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The Police Association has been seeking automatic name suppression for police officers involved in critical incidents for nearly 20 years, and is hopeful that this year it might finally happen.

Backing has come from both sides of the political spectrum to change the legislation. Police Minister Stuart Nash has indicated he’s interested in taking the matter further, and National’s police spokesperson, Chris Bishop, has drafted a private member’s bill on the subject.

The issue has been on the association’s agenda since 2000, when police shot and killed Steven Wallace in Waitara. The name of the officer involved was made public, even though he was then, and subsequently (in a private prosecution by the Wallace family), cleared of wrongdoing.

The member and his family were subject to a high level of harassment and public scrutiny, and the officer eventually left Police.

Each shooting is followed by intense investigation and scrutiny by Police, the IPCA and the Coroner’s Court. In all incidents, police action has been found to be lawful, but fear of identification has become an overwhelming concern for those officers involved, adding to the already challenging burden of taking a life in the line of duty.

Currently, it is not against the law to publish the names of officers involved in critical incidents, but most media follow the convention of retaining anonymity.

As association president Chris Cahill has pointed out, in the age of Google and with the rise of social media there is now renewed urgency to get that convention enshrined as a law that applies to the media and the public. The association seeks more certainty for members.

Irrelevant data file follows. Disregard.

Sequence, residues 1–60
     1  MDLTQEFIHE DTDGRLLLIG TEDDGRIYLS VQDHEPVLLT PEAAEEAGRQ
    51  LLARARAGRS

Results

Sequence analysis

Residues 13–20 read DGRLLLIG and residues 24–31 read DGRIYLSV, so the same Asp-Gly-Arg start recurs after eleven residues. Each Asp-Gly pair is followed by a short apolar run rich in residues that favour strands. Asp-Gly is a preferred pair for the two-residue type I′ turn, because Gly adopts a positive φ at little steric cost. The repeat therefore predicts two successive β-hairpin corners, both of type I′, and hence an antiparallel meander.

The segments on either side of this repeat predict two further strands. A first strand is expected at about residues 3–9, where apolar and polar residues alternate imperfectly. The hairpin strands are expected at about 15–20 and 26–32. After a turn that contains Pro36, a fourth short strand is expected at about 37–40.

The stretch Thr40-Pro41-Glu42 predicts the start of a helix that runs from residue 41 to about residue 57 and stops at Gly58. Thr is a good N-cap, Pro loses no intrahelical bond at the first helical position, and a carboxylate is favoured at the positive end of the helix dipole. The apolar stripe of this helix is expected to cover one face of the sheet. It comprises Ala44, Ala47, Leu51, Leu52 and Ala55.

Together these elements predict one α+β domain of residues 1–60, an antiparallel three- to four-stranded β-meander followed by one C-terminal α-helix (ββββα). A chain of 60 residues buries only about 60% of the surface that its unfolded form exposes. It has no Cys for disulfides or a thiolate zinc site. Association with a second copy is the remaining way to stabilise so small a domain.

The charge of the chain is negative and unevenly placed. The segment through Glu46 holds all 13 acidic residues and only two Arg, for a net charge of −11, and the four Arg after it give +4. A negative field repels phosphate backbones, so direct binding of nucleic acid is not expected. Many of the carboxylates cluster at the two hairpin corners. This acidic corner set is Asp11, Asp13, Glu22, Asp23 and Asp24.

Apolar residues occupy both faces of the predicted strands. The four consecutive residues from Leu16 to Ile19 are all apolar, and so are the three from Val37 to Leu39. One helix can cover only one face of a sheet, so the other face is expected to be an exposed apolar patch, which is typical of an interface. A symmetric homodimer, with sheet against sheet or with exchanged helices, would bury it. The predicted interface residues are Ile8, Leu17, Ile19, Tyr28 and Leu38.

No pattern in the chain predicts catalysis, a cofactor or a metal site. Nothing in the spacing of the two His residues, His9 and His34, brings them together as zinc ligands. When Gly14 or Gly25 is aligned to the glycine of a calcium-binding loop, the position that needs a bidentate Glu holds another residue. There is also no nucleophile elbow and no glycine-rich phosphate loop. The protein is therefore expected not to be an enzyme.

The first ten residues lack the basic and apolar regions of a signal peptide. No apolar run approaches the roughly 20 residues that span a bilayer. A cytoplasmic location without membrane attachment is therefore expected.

“Police officers have no choice but to go forward and respond to violent offenders to protect the public,” he said. “Officers and their families should not have to face a lifetime of ill-informed judgement when they have been found to have acted lawfully.”

The association wants legal assurances in place so no officers involved in critical incidents will have their names made public during the processes that follow, unless a member is charged. In that case, an application would need to be made for name suppression.

Mr Bishop’s proposal would provide for automatic suppression (including addresses or any other identifying details) while investigations are under way and in the Coroner’s Court. An officer’s name could be made public only after criminal charges were laid.

However, an exemption could be granted, “upon application to the Chief Coroner”, if the information was deemed to be in the public interest.

Mr Bishop has said he hopes all parties will support his bill if it is picked from the member’s ballot.


Above: Police Association President Chris Cahill believes officers and their families should not have to face a lifetime of ill-informed judgement when they have been found to have acted lawfully.

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